RF101 - The Antenna Path - More than the Antenna
The point where the rubber meets the road in wireless networks is the antenna. The only thing is the before we hit the antenna, we have the entire antenna path which consists of various opportunities for error and issues. From external interference, to Passive Intermod (PIM), to actual faults in the path. Once the issue has been identified in the antenna path itself and not the external RF environment, there is the potential for a large variety of antenna path component combinations including fiber, coax cables, duplexers, diplexers, connectors, antennas, RETs, TMA. The ability for RF and operations teams to identify and resolve these issues is critical to network success.
RAN engineers typically look at two things when there is a field RF problem. The radio and the antenna. The radio is typically simple enough to look at and test through the OSS verifying certain measurements and alarms. The antenna actually refers to the antenna path. All that can be done remotely is determine there is something wrong with the entire antenna path or in MIMO environments, one of the branches of the antenna path. These coming from VSWR measurements/alarms, UL/DL path balances, and branch Tx loss measurements. This leaves for a typical communications gap between operations and engineering on where the issue is and how to fix it. The key to success is dedicated operations teams with the flexibility to troubleshoot (not just close tickets) and engineering teams that can communicate the proper symptoms and best ways to troubleshoot.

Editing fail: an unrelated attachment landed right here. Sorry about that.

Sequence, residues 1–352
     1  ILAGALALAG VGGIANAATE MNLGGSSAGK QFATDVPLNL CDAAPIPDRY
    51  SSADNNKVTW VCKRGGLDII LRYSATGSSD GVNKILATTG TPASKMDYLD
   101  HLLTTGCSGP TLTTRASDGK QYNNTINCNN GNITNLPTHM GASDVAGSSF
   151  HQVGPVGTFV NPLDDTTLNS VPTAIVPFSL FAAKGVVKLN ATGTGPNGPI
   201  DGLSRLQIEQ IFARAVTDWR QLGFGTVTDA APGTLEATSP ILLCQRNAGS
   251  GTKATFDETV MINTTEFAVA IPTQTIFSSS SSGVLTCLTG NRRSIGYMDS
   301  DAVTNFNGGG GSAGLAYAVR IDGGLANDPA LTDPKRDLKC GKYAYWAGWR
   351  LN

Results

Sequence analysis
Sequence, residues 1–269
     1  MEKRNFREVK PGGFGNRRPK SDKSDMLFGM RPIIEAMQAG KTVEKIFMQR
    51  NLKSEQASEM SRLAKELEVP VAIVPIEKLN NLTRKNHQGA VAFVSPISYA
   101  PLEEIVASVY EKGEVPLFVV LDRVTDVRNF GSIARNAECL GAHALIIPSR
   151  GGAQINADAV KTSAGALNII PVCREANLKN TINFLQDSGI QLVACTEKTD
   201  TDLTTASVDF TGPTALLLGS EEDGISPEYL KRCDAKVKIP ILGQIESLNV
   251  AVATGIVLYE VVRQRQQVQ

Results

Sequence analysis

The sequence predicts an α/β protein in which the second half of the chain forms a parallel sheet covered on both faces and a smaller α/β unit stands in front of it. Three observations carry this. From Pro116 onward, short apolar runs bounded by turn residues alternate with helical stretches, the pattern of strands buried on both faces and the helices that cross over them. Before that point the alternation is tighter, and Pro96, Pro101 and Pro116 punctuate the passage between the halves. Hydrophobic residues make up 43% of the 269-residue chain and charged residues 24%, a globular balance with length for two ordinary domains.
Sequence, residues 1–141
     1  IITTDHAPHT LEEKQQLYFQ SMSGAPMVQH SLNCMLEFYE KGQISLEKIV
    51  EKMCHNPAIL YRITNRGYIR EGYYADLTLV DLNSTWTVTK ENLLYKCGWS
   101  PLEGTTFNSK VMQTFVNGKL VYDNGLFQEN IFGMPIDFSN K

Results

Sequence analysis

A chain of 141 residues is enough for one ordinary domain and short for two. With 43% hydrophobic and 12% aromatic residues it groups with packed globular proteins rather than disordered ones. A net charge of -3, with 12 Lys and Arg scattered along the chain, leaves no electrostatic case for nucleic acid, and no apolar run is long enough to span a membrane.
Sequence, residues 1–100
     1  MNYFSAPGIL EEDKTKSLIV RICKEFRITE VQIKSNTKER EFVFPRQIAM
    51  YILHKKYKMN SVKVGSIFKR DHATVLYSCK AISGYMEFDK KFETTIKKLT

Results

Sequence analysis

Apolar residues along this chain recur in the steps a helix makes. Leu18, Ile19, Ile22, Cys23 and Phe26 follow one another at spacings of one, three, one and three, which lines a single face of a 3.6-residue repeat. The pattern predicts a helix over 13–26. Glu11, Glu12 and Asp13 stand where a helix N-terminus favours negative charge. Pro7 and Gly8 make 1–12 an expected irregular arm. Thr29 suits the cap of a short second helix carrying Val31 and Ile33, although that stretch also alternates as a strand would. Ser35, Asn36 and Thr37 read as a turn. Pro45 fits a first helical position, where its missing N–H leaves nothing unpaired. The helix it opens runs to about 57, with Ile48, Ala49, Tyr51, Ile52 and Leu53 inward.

However, even once an potential issue is identified, the other part of the operational equation enters. That being the $$. If the KPIs on a cell site by normal standards look good (Drops, Traffic, Accessibility), then issue could be said is there the value to fixing the site. With MIMO being the key to high speed data, having all antenna path branches at optimal performance is critical, but how does this show up in today's current network KPIs? Another way to see the issues is that a cell performing well, could it be performing even better? In the past, many large scale antenna swap-out and upgrade projects in networks typically show improvement. It is estimated that a minimum of 25% of the improvement comes just from resolving long standing issues in the jumpers, connectors, and cables being cleaned up rather than just the antenna pattern changes.
Engineers should build the fundamental understanding of the antenna path and how each part may affect performance. It is with this understand, network teams will quickly identify and resolve issues keeping customers satisfied with the network quality.
CommScope has created a free E-Book on all types of variations in the RF Path that builds a solid foundation for most of today's RAN antenna path scenarios. It can be found at:
http://www.commscoperfpath-ebook.com/rfpath/understanding#pg1 (Required to provide an email, but nothing more)
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